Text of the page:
Floating through the Mekong Delta in the right sort of hat
 
It seemed the moment to forget about a war which had finished almost forty years ago and just enjoy the sunshine and the sensation of moving almost silently along the waterway, surrounded by the life of the river and the dense vegetation.


Life in the Mekong Delta
 
As our boat nosed its way through the rafts of floating water hyacinth we thought we heard the ooh-ooh noise of a monkey. ‘It’s not a monkey,’ Trang told us, ‘it’s a bird, a coucal’. He scanned the vegetation just above the waterline and then pointed. We were moving and wildlife rarely stays still for long, so I saw nothing but Lynne glimpsed a bird the size of a large magpie with a blue-green head, a brown body and a long blue-green tail (for a YouTube video of a coucal, click here). It is, I learn, a non-parasitic cuckoo which is quite common from India eastwards, though not always easy to spot.

We eventually reached a larger stream after a pleasant and restful journey - at least for those not providing the motive power. Our boatman from yesterday was waiting to meet us.


We reach a larger stream, Mekong Delta
 
After a short trip up river we dropped in on a fruit garden. We saw all the fruits we had eaten the day before and some extras - star fruit, which we have encountered before, and mangosteens, which we have not and look nothing like mangoes; they will not be ripe for a month or two. And then there were durians. A ripe durian smells like a badly maintained chemical toilet; it is reputedly illegal to carry one on public transport in Malaysia, and if that is not true it ought to be. There is a school of thought that says that once you have got past the smell they are wonderful. Lynne and I disagree. We each ate a durian pastry once – we bought them in a dim sum restaurant without knowing quite what we were ordering (we do this a lot). We ate it, but it repeated all afternoon with a flavour we would have dearly loved to flush away.
 
Lynne under a jackfruit tree, Mekong Delta
We crossed an even larger branch of the river, busy with fishing boats and rice barges, to reach a brickworks.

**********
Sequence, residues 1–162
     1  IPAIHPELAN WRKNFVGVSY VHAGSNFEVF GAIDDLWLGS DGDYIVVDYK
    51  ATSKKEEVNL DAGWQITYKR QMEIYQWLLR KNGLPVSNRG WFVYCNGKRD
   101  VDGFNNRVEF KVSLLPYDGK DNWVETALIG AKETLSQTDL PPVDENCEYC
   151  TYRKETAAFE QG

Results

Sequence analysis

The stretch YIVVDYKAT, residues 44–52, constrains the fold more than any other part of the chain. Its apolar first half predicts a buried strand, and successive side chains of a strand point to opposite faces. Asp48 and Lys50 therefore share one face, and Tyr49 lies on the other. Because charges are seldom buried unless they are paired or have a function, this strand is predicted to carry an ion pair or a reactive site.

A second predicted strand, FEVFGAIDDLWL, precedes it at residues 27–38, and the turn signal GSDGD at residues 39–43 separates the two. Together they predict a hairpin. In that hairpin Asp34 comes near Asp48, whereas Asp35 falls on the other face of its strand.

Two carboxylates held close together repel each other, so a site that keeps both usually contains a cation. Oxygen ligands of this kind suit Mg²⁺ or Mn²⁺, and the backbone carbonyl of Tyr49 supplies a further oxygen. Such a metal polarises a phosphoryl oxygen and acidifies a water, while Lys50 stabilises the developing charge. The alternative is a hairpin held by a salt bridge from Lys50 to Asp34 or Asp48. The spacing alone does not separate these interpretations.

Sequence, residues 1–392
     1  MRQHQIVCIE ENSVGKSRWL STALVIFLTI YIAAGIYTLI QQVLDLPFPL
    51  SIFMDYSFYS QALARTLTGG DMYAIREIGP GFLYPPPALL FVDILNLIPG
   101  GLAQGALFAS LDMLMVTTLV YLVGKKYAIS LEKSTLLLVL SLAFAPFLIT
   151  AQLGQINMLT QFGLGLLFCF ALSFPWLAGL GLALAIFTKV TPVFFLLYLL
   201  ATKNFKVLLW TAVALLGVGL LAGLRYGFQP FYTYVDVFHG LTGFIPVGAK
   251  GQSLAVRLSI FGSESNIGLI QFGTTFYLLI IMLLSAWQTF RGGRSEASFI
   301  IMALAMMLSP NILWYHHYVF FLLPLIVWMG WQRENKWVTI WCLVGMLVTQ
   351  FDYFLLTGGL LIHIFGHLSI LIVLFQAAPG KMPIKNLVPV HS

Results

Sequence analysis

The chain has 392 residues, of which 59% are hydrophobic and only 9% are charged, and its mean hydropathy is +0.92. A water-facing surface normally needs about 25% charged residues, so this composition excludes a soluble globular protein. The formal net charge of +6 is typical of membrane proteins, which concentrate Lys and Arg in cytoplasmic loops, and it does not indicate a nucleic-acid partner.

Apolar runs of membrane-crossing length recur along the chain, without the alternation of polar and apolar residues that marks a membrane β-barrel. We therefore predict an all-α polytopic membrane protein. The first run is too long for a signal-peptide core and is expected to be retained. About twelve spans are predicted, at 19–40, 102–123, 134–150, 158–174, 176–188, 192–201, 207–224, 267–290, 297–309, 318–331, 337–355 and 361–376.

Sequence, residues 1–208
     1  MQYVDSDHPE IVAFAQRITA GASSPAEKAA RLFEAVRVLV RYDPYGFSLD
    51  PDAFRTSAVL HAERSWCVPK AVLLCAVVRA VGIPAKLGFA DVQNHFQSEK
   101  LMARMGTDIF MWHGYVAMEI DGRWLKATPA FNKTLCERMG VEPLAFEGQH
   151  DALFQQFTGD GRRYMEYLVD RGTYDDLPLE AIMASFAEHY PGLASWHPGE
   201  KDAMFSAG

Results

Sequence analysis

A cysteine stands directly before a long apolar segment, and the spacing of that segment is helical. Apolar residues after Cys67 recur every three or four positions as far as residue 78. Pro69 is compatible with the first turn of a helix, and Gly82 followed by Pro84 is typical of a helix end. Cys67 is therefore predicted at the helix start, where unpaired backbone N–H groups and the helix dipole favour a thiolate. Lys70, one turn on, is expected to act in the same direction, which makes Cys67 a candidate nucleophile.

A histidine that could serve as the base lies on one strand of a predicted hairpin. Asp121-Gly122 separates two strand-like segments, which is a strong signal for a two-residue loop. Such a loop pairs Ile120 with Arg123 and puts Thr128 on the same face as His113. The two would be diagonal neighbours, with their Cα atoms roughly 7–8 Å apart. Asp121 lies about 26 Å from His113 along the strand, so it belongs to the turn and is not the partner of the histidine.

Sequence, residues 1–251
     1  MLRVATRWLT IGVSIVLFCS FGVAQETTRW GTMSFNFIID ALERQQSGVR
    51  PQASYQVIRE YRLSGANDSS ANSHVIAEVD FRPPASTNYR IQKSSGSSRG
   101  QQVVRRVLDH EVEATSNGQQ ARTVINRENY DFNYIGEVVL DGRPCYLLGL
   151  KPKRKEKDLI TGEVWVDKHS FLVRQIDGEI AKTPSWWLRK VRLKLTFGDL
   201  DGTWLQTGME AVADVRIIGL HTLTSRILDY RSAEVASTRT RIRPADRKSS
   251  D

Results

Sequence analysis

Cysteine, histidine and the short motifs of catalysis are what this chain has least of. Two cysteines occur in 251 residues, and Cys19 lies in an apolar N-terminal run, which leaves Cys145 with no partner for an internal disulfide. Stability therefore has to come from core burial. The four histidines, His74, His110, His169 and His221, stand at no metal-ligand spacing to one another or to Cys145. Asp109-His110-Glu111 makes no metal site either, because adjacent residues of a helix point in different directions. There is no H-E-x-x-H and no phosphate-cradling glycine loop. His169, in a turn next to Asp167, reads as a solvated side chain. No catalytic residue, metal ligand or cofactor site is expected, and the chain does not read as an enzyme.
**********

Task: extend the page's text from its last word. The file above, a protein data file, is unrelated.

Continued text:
Rice barge on the Mekong

Being Easter Sunday the factory was quiet – only 10% of Vietnamese are Christians, but the French legacy includes a proper respect for ‘le weekend’. Bricks were being made, a labour intensive process requiring the clay to be thrown in at one end, and the bricks to be manually separated from the excess clay at the other.


Brick making in the Mekong Delta

The kilns were also loaded and unloaded by hand, which at least allowed for a quality control process.


There's something happening in this kiln and I'm looking into it

They did not just make bricks; other earthenware products could be found in the kilns – I always wondered where those wretched gnomes came from, now I know.


Bloody gnomes
The original owner of the factory became rich, and when he died he had himself buried on the factory floor so he could continue to keep an eye on the workers.


The boss (retired)
Another short potter up the river brought us to a garden house rather like those in Hue. We sat in front of the ancestor altar – an impressive cabinet inlaid with mother of pearl - and were treated to tea and fruit.


Cabinet inlaid with mother of pearl
We were entertained by two musicians, one on guitar, the other playing a variety of traditional instrument, and a singer. It was less traditional Vietnamese folk than the Quang Ho musicians we had seen near Hanoi, and their songs dealt with contemporary themes. This was clearly Trang’s sort of music and several times he was invited to join in. ‘This music’, he said regretfully, ‘is too sad for the new generation of young people.’ They seem to prefer their sounds Gangnam style.